The Pyramids and the Sphinx

Art and Archaeology

Corinna Rossi

For centuries, the Pyramids and Great Sphinx have been the visible reminders of the power and enduring legacy of ancient Egypt. Mysterious and irresis

French edition
160 pp.
224 color illus.
25.5X34.5cm
ISBN 9788854003163
For sale only in the Middle East

$19.95

For centuries, the Pyramids and Great Sphinx have been the visible reminders of the power and enduring legacy of ancient Egypt. Mysterious and irresistible to the eye, these monumental structures—over eighty of which remain, scattered along the west bank of the Nile—evoke the religious system and beliefs of one of the most highly refined and evolved of ancient civilizations. Even today, we don’t entirely understand how they were constructed and what techniques were used, but the most recent research and excavations have thrown new light on life at the building sites and on the daily existence of generations of designers and craftsmen who dedicated their lives to these immense constructions. Replete with full-color photographs and drawings, this beautifully illustrated book serves as a wonderful introduction to these royal monuments. This straightforward text explains the history and significance not only of the famous Sphinx and the Pyramids of Giza—the emblems and legacy of the powerful Fourth Dynasty—but also of the lesser-known tombs that stretch from Saqqara to Meidum and Dahshur. The Pyramids and the Sphinx draws on the most recent archaeological findings to lead the reader on a discovery of the most fascinating aspects of Egyptian civilization. Here, too, are the pharaohs who ordered the pyramids’ construction, the treasures found in the most famous tombs, and the men who revealed their secrets. Combining majestic aerial shots with close-up photographs of interior artwork and statuary, this guide offers a close look at some of the most impressive monuments in human history. Also available in French, German, Italian, Russian, and Spanish.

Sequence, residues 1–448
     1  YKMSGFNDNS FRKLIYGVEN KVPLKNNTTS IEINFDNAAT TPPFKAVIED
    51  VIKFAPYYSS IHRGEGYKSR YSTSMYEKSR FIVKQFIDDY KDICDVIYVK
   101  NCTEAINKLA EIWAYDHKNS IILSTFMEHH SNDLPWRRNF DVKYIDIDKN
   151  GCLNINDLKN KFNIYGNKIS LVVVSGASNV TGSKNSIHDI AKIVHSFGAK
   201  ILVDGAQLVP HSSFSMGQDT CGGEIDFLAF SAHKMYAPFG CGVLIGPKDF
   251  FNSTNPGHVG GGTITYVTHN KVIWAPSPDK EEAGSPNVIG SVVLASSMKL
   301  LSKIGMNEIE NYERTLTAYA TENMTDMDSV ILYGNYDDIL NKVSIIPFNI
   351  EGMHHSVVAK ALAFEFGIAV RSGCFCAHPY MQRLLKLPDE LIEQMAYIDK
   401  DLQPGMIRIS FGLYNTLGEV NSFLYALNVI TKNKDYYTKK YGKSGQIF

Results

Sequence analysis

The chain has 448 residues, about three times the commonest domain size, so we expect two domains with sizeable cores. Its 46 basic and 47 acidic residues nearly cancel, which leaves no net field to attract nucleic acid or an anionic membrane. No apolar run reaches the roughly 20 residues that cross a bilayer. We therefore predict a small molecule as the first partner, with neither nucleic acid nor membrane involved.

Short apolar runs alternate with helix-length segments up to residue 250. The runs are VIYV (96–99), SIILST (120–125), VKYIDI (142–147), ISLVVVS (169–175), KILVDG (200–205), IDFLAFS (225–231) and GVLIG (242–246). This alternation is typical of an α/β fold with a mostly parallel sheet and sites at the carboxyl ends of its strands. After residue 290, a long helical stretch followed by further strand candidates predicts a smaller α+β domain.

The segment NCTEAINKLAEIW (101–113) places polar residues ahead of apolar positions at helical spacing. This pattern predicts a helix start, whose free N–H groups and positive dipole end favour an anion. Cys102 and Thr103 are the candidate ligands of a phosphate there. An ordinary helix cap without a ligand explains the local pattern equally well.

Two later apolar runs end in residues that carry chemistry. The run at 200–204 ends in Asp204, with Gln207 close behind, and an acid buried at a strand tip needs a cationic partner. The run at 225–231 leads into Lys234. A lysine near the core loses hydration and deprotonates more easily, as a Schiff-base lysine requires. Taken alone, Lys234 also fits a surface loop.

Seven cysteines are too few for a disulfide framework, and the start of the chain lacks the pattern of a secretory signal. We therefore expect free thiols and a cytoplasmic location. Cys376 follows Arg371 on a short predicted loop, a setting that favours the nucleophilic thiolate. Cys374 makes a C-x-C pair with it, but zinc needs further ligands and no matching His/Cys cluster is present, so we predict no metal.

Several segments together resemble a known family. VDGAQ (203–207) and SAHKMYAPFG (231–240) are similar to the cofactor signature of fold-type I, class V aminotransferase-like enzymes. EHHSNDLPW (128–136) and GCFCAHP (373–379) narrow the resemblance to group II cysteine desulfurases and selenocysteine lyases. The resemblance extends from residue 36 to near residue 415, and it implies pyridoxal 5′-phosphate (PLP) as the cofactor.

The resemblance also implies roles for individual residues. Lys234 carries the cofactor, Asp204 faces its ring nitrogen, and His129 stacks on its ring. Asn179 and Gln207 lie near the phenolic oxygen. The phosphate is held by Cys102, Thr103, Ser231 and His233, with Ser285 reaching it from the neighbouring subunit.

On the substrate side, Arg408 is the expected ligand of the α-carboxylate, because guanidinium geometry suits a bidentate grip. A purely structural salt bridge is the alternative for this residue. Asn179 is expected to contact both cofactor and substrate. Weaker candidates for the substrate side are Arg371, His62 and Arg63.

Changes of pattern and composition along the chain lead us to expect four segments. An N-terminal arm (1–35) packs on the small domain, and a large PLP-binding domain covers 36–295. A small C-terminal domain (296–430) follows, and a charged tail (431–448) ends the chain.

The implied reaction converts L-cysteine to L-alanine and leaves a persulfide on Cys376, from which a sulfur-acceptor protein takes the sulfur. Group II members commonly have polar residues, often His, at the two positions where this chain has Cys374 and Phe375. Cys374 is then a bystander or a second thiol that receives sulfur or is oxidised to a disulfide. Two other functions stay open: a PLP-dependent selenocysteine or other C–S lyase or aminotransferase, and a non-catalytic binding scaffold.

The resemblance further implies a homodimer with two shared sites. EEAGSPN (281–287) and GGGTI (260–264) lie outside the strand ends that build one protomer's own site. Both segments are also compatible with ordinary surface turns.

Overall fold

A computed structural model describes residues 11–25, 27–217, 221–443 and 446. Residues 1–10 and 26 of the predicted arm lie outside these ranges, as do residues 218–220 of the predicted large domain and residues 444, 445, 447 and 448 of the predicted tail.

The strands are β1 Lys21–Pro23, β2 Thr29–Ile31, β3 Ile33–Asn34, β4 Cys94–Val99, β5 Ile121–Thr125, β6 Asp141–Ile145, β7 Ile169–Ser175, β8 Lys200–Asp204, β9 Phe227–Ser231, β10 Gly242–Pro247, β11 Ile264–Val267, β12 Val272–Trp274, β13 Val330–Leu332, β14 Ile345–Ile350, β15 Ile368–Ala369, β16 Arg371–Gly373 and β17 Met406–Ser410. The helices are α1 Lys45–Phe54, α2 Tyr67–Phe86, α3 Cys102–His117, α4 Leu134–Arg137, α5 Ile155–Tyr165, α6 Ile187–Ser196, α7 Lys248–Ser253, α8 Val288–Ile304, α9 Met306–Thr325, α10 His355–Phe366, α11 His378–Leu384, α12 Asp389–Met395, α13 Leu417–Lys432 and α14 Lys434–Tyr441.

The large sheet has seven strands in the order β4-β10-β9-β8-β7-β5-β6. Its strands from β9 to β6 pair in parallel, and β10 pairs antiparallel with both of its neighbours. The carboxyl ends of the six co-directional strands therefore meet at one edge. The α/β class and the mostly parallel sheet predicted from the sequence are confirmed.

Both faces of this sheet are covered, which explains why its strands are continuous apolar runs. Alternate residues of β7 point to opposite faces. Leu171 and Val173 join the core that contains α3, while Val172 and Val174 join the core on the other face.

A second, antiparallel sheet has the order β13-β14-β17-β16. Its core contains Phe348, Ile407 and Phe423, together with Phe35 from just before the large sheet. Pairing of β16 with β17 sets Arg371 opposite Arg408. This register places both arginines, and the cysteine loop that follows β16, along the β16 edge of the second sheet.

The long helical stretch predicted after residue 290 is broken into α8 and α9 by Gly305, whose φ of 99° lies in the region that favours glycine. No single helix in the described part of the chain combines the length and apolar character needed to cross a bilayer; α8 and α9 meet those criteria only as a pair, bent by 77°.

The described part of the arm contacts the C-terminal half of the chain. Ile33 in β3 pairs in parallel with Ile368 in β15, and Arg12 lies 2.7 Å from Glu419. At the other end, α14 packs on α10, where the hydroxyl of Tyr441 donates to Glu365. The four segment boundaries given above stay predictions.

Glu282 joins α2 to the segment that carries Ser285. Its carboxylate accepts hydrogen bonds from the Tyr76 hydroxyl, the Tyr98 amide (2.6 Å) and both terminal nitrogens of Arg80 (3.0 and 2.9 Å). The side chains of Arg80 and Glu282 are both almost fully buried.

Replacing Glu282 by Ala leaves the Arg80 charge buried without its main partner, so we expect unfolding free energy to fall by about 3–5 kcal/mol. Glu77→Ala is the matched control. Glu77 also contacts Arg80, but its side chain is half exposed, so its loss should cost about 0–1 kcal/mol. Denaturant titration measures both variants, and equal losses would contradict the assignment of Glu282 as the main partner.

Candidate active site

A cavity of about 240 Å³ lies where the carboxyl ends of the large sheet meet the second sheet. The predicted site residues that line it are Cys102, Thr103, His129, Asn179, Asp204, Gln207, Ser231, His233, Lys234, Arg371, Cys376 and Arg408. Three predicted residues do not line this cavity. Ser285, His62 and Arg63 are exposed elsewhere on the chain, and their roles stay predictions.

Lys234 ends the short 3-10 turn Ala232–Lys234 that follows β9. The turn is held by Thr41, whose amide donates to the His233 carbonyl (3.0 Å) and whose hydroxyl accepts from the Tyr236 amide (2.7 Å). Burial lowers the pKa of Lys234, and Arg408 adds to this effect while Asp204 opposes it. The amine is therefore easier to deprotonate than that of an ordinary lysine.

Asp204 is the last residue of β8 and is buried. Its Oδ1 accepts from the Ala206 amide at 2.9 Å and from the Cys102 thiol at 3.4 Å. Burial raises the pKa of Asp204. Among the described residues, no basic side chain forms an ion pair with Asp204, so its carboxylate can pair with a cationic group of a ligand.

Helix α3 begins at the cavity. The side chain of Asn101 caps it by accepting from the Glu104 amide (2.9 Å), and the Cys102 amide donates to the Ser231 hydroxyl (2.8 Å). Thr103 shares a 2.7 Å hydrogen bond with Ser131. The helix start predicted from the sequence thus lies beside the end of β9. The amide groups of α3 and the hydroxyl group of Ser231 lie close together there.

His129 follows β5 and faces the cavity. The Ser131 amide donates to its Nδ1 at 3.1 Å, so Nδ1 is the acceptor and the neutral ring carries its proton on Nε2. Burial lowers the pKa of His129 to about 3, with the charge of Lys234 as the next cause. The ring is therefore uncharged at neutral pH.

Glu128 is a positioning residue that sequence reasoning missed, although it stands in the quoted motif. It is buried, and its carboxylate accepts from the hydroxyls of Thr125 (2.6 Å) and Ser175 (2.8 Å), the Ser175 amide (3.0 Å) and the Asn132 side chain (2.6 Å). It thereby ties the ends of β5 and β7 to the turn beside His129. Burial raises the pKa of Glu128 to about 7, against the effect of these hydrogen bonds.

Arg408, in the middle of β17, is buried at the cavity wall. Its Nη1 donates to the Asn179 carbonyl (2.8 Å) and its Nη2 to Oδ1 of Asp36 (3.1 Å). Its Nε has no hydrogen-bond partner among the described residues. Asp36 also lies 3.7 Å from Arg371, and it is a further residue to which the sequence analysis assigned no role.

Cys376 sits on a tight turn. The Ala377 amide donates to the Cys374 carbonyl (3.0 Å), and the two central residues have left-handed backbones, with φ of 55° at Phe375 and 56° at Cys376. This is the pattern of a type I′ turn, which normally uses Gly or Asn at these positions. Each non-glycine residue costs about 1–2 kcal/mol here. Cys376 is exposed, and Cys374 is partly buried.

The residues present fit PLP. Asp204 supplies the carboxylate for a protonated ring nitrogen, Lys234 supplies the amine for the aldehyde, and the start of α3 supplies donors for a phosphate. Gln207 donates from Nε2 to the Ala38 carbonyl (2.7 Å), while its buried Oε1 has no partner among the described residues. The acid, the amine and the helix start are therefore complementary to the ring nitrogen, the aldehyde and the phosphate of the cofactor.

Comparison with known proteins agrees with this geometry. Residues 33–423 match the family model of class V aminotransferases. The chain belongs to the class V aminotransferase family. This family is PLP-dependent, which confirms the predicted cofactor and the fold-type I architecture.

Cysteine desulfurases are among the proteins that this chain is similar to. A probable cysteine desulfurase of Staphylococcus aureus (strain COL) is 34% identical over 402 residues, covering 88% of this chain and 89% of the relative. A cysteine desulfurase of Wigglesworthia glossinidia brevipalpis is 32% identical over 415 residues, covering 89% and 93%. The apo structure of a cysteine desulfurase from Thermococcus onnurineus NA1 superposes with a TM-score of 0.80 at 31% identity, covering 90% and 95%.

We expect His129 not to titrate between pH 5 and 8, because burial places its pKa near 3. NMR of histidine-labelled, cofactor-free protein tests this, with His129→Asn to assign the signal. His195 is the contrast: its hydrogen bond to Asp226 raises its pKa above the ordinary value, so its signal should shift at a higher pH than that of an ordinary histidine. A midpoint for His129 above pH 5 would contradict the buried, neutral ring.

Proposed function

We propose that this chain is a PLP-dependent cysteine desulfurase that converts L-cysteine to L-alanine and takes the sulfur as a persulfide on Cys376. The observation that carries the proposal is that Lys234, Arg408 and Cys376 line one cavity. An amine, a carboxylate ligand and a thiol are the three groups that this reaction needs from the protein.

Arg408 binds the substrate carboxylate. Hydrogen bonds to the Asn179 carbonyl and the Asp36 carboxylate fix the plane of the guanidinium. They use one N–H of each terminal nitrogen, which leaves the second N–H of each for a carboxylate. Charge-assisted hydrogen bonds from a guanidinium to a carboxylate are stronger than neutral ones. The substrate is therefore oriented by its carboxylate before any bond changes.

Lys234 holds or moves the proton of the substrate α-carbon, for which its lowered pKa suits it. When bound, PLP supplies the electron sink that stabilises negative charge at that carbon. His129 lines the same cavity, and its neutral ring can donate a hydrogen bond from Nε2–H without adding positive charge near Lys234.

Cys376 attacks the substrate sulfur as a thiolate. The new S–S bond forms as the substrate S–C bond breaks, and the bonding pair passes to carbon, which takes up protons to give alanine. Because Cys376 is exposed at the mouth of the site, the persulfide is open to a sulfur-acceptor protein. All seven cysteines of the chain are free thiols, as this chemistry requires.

Corinna Rossi

CORINNA ROSSI earned her Ph.D. in Egyptology at Cambridge University. She is co-director of the North Kharga Oasis Survey.
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